January 10, 2019  |  BLOG POST |

By Tom Ulrich, Director of Application Delivery for Envision Financial Systems, Inc.


Editor’s note:
This post is the second in a series of blog posts about how Envision approaches cybersecurity risks.  This blog post addresses the need to develop strong controls and independently verify that what you are doing is meeting its objective.


“How do I know my customer’s data is safe?” Our answer: Engage independent verification methods and constantly evaluate the evolving risk profile.

As we know from high profile data breaches (here are the top 21 through November 30, 2018) such as Marriott, Yahoo (twice) and Equifax, there are no guarantees that the amount of investment correlates to a low risk profile. If someone wants to get to your customer’s data, they will find a weak link in your cybersecurity chain.  That doesn’t mean there aren’t methods to be employed to mitigate the potential risk.

Guiding Principals

We believe in the effectiveness of a multi-layered security approach developing and deploying software.   This ecosystem includes operational and infrastructural control structures based upon industry best practices. In our case, we follow the best practice guidance of ISO 27001/2 framework.  For the uninitiated, ISO 27001 provides an auditable framework to which corporations are wise to adhere.  The companion ISO 27002 framework provides best practices in support of 27001.  Other important guiding frameworks and best practices are found in NIST 800 framework series and the periodic FINRA guidance documents.

Software Development

As an example, based upon the ISO 27001/2, we created practical auditable controls coupled with best practices to ensure our development practices are commensurate with security risks.  One example of this practice is aligning our development practices to ensure we adhere to risks outlined in OWASP (Open Web Application Security Project).  Our development practices give direction to everyone involved, so that from the very beginning—initial requirements-gathering—all the way through delivery of the software to customers, each person does his and her part to ensure that the final product incorporates all relevant best practices.

Our secure application development policy, for example, covers key areas—among others:

  • Defines each software module and assigns a risk ranking to each one
  • Delineates how people of different roles should contribute to development; examples include business analyst, developer, architect, quality control engineer.
  • Utilizes a tiered approach to ensure every layer of application is secure
  • Special emphasis on authentication and authorization
  • Utilize industry best practices in encryption and hashing of data where applicable
  • Prescribes using recommended versions of certified open-sourced software
  • Calls for vendor analysis, including support offered and business stability
  • Incorporates in house and third-party application security testing—both dynamic and static—to identify vulnerabilities in the code for internet facing applications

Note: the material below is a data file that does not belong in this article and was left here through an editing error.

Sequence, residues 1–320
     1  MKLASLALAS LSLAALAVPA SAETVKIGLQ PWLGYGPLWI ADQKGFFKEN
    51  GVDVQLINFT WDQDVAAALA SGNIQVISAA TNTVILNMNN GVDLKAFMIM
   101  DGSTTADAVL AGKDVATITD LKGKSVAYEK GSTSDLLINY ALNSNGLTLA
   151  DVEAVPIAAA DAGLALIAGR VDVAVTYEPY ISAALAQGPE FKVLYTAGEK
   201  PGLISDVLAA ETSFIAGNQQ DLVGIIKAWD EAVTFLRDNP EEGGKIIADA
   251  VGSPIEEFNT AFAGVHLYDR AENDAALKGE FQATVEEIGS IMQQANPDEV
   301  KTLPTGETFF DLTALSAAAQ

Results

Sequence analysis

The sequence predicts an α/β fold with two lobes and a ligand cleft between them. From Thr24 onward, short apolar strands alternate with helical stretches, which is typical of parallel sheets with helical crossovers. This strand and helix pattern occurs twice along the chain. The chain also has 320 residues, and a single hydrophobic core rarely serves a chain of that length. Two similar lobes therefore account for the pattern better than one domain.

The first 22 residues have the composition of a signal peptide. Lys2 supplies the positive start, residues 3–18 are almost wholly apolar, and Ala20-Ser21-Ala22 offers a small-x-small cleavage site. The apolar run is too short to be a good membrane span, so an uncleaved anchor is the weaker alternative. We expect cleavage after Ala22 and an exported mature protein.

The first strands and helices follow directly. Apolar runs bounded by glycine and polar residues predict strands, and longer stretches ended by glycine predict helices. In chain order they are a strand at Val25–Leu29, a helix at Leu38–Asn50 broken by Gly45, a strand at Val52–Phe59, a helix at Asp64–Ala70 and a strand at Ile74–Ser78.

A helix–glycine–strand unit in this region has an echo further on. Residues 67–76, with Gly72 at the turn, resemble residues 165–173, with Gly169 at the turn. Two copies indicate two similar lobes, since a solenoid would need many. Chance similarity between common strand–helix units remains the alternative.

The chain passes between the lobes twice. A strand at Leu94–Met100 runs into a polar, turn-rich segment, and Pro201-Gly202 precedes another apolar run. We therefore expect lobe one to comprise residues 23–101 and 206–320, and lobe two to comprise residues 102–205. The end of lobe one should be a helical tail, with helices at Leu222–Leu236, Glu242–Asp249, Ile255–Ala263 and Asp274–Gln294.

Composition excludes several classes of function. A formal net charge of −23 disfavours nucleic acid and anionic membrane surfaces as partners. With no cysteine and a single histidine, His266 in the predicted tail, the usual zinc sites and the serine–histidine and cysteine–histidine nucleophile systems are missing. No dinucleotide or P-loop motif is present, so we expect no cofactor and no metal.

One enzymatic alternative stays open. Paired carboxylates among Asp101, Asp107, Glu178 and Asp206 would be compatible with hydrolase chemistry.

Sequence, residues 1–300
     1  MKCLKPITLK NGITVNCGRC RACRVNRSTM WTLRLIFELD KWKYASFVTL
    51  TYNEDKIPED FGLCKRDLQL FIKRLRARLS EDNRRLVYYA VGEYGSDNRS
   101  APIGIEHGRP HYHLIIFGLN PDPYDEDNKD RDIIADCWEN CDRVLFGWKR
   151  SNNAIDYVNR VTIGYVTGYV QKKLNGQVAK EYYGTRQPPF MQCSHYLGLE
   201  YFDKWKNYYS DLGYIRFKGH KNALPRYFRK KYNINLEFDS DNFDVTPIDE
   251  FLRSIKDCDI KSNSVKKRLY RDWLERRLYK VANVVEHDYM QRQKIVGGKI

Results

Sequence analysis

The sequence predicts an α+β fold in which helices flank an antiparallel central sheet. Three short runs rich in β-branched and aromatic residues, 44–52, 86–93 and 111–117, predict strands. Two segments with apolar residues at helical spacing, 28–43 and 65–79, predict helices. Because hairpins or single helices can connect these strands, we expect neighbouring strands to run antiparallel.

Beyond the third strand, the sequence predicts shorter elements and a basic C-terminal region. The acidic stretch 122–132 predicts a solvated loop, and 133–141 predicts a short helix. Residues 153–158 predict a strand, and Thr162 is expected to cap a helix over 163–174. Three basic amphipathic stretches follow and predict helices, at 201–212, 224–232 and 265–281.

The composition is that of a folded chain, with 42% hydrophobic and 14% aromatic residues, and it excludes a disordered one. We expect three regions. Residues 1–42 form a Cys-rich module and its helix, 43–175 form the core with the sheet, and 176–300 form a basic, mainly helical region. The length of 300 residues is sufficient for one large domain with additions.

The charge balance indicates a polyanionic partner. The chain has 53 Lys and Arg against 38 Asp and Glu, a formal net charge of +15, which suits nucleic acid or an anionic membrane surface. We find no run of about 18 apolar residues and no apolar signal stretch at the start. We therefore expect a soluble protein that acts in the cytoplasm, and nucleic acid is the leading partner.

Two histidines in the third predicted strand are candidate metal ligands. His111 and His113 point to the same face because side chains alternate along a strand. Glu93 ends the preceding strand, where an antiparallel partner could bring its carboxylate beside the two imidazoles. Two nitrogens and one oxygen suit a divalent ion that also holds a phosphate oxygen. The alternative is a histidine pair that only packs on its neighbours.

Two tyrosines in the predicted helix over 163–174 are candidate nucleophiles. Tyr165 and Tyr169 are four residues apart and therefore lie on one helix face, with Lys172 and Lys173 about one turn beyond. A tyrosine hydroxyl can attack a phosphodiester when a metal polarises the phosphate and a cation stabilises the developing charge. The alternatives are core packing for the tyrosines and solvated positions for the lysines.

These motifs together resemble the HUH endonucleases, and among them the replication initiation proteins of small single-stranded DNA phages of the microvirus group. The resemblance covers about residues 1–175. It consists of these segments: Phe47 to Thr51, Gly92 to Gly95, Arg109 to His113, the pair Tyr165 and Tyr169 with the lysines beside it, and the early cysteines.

Software Delivery

In some instances, we deliver our investor management suite of technology products as a managed service. Any managed service provider knows the importance of controls focused on security and data loss prevention.

Our managed application services offering provides ISO 27002 best practices, in concert with the complementary best practices employed by our hosting partner, that are focused on data security principles.  We leverage the latest technologies to secure data and ensure that the client and investor access points are continuously monitored for intrusion. The infrastructure undergoes both vulnerability assessments and penetration tests to identify any potential areas of exposure.

Test, test, and test

It’s one thing to put in place governing controls.  It quite another to validate they are effective and being followed.

We then have all of our controls tested annually by outside auditors through the American Institute of Certified Public Accountants (AICPA) System Organizational Controls examination process.  These include SOC 1 and SOC 2 audits.  These exams focus on “controls related to financial, security, availability, processing integrity, confidentiality or privacy.” Read more from the AICPA here.

In addition to the operating controls review putting in place preventative reviews is also essential.  Software accessible via the internet needs to be written with security at the forefront. This should include providing software developers tools to find and take action on vulnerabilities during the development process. It should also include a period post development application and infrastructure testing and certification by employing independent parties to perform black and/ or white box penetration testing of internet facing applications and its supporting infrastructure.

Lastly, the use of detective tools shouldn’t be neglected.  When delivering your solution to your customers, the environment from which you are delivering it needs to be constantly monitored for potential nefarious actions.  Whether that is an all-out brute force attack or an employee knowingly or not, leaving the door open when they leave.  Monitoring your application and environment can help identify and stop unwanted activities.

Conclusion

When providing financial software and services, it is vitally important that the application and its supporting systems work in tandem.  By ensuring synergistic application development and hosting policies, procedures and practices, firms can mitigate the theft of customer data.